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United States v. Orrock

United States District Court, D. Nevada

December 14, 2017

United States of America, Plaintiff
v.
Craig P. Orrock, Defendant

          ORDER OVERRULING OBJECTION [ECF NO. 77]

         In this tax-evasion prosecution, defendant Craig Orrock requested a bill of particulars, arguing that allegations in the indictment are too vague to put him on notice of the Government's case and allow him to prepare a defense.[1] Magistrate Judge Hoffman denied the request because the Government “explain[ed] in great detail in its statement of facts the evidence it believes proves this allegation[] and provides examples of discovery which tend[] to prove [those] allegations.”[2] Orrock now objects to Judge Hoffman's ruling, and after reviewing Orrock's initial motion and instant objection, I overrule his objection.

         Discussion

         A. Standards of review

         1. Reviewing a magistrate judge's final determination

         The parties disagree on the applicable standard of review of a magistrate judge's final determination. Orrock suggests that this discussion is governed by Local Rule IB 3-2, which is entitled “REVIEW OF MATTERS THAT MAY NOT BE FINALLY DETERMINED BY A UNITED STATES MAGISTRATE JUDGE . . ., ” and requires a district judge to review the party's objection to the magistrate judge's recommendation de novo.[3] Meanwhile, the Government argues that Local Rule IB 3-1 controls. Local Rule IB 3-1 applies to “matters that may be finally determined by a magistrate judge” and requires a district judge to review the magistrate's ruling for clear error.[4] Magistrate judges are empowered to rule and make final determinations on non-dispositive matters and make recommendations on dispositive matters.[5]A motion for a bill of particulars is a non-dispositive matter, [6] so it is subject to final determination by a magistrate judge. I therefore review Magistrate Judge Hoffman's order for whether it is “clearly erroneous or contrary to law.”[7] I “may affirm, reverse, or modify, in whole or in part, the magistrate judge's order.”[8] I “may also remand the matter to the magistrate judge with instructions.”[9]

         2. Bill-of-particulars standard

         A bill of particulars is intended to: (1) “inform the defendant of the nature of the charge against him with sufficient precision to enable him to prepare for trial”;[10] (2) “avoid or minimize the danger of surprise at the time of trial”;[11] and (3) “enable [the defendant] to plead his acquittal or conviction in bar of another prosecution for the same offense when the indictment itself is too vague[] and indefinite for such purposes.”[12] “The decision whether to grant a request for a bill of particulars is directed to the trial court's discretion.”[13] The “court should consider whether the defendant has been advised adequately of the charges through the indictment and all other disclosures made by the government.”[14] And “[f]ull discovery will obviate the need for a bill of particulars.”[15]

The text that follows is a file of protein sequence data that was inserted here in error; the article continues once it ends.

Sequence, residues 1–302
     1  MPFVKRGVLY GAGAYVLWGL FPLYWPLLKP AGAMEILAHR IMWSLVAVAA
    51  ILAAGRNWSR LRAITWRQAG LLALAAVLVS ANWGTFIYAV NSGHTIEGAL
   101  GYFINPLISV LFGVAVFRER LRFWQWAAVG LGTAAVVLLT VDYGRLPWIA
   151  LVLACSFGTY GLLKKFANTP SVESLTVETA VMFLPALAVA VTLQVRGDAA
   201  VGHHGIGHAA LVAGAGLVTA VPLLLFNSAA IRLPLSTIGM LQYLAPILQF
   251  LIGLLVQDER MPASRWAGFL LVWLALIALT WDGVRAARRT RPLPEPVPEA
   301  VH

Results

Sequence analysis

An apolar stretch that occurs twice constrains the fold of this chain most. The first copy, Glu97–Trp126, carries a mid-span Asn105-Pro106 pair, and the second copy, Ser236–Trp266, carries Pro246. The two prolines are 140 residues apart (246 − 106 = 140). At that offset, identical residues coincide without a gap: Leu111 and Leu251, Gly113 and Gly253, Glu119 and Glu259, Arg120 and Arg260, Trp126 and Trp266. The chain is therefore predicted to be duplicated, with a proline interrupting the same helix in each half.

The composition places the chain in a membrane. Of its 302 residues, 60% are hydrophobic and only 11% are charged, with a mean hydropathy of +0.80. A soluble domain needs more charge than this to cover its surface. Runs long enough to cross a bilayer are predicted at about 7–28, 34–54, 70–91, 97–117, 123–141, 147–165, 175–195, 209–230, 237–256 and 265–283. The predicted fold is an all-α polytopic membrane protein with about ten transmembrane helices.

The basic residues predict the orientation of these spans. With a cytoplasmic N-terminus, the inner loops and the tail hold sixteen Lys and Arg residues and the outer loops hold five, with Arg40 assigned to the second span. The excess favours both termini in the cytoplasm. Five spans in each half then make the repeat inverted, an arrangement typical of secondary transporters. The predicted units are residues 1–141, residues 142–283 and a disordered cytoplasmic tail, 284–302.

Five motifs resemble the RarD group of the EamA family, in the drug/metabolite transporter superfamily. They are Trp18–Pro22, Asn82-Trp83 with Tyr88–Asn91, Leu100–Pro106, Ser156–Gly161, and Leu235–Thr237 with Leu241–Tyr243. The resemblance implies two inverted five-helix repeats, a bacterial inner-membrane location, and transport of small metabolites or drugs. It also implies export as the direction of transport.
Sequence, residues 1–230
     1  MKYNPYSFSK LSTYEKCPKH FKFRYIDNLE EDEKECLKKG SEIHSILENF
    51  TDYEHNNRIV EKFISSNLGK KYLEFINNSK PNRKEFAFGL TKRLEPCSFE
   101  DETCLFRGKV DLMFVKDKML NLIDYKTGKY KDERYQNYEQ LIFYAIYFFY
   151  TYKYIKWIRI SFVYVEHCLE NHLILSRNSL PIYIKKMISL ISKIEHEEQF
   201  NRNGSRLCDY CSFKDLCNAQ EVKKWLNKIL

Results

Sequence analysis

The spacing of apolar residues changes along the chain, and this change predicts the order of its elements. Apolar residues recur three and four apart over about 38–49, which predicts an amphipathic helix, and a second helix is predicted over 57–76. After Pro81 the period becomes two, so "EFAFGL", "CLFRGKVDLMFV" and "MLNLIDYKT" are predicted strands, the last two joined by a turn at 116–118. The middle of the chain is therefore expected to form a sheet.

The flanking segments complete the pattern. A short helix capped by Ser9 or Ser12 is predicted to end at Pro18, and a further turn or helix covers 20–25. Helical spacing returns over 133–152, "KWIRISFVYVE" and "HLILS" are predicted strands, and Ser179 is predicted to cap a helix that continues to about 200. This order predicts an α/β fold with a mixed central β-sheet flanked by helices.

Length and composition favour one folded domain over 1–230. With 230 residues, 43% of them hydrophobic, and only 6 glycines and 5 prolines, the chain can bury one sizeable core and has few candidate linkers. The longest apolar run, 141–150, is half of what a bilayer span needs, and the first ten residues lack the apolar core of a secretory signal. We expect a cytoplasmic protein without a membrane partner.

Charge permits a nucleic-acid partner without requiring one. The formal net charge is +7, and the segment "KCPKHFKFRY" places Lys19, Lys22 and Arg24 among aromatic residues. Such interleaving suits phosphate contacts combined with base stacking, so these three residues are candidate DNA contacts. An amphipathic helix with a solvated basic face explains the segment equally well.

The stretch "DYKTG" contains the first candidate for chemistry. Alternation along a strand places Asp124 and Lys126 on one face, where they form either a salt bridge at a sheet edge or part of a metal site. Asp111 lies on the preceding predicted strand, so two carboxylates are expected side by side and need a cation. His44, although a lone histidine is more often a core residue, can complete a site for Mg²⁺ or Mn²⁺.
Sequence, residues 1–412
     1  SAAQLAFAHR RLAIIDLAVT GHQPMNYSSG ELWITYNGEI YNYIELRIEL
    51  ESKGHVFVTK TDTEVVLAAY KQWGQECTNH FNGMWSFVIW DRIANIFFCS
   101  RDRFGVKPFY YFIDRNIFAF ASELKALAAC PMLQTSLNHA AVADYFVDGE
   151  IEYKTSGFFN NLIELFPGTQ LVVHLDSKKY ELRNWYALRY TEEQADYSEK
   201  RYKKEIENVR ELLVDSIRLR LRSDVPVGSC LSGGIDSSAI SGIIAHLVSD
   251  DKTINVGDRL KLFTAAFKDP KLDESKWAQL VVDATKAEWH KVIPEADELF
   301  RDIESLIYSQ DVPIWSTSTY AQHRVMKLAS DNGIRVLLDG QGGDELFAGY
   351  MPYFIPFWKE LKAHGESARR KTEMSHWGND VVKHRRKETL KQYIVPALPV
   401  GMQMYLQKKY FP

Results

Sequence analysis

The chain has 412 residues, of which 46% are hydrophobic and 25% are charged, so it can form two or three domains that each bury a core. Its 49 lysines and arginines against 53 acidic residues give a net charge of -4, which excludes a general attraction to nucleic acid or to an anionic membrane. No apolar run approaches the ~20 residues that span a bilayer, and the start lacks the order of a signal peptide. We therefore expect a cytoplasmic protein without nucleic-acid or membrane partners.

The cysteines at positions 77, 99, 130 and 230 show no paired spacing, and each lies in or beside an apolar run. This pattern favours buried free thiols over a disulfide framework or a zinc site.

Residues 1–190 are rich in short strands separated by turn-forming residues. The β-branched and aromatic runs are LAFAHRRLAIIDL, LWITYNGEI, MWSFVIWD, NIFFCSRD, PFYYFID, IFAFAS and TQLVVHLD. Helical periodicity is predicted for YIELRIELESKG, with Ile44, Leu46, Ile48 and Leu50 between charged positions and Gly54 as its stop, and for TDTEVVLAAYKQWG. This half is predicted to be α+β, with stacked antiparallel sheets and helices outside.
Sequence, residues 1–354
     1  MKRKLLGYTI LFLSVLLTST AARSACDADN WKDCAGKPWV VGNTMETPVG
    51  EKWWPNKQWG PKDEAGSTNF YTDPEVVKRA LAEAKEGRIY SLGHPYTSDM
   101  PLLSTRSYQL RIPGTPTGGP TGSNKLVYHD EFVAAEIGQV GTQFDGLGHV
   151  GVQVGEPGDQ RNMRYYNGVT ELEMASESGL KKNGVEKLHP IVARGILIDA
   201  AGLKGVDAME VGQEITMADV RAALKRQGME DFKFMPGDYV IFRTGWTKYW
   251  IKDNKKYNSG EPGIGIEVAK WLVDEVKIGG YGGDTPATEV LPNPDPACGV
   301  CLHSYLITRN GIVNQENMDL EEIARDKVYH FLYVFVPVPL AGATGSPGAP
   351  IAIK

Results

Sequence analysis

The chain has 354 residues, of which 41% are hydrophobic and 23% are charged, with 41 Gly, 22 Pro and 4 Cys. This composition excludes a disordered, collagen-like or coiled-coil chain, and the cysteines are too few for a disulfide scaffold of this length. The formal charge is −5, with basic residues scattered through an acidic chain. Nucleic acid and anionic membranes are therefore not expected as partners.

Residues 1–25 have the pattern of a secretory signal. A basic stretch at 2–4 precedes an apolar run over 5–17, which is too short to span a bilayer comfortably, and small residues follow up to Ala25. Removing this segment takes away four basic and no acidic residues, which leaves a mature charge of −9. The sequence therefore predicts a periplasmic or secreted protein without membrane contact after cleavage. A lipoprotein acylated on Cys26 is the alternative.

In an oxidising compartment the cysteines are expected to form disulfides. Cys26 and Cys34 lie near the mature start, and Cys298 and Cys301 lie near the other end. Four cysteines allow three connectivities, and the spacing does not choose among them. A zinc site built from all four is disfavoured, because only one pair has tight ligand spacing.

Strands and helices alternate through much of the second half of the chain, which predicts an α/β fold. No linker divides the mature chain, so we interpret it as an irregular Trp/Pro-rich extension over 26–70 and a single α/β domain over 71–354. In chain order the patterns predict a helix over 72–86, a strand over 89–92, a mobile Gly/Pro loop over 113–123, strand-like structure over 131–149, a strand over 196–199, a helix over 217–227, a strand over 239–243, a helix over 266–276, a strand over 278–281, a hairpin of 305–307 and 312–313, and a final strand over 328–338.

B. Reviewing Judge Hoffman's order

         At the outset, it's clear that Judge Hoffman identified the correct legal standard when reviewing Orrock's motion.[16] Orrock encouraged Judge Hoffman to apply a lenient version of that legal standard to tax cases, but he conceded that there was no binding authority to support his suggestion.[17] Judge Hoffman's decision not to deviate from an established standard and apply a lenient version encouraged by non-binding authority was not clearly or erroneous or contrary to law.

         Judge Hoffman's conclusion that the indictment and associated disclosures are neither vague nor indefinite is also not clearly erroneous or contrary to law. The Government explains its theories and chronologies-repeatedly and in great detail-in its oppositions to Orrock's initial motion, [18] to this objection, [19] to Orrock's motion to dismiss count 2 of the indictment, [20] and to Orrock's objection to Judge Hoffman's recommendation to deny the motion to dismiss, [21] and also in the exhibits attached throughout this entire case.[22] As Judge Hoffman recognized, there are columns labeled “Affirmative Acts for [Insert Crime]” with dates and descriptions of the purported affirmative act, a description of the exhibit that supports the allegation, and often even the name of the witness that the Government intends to use to lay foundation for and authenticate the exhibit. It was not clearly erroneous or contrary to law for Judge Hoffman to determine that Orrock was sufficiently informed “of the nature of the charge[s] against him with sufficient precision to enable him to prepare for trial.”[23]

         To provide more, the Government would have to disclose its trial strategies and walk Orrock through its case-in-chief step by step. Judge Hoffman did not commit clear error by declining to require it to do so.

         Conclusion

         Accordingly, IT IS HEREBY ORDERED that Orrock's objection [ECF No. 77] to Magistrate Judge Hoffman's order denying the request for a bill of particulars [ECF No. 65] is OVERRULED, ...


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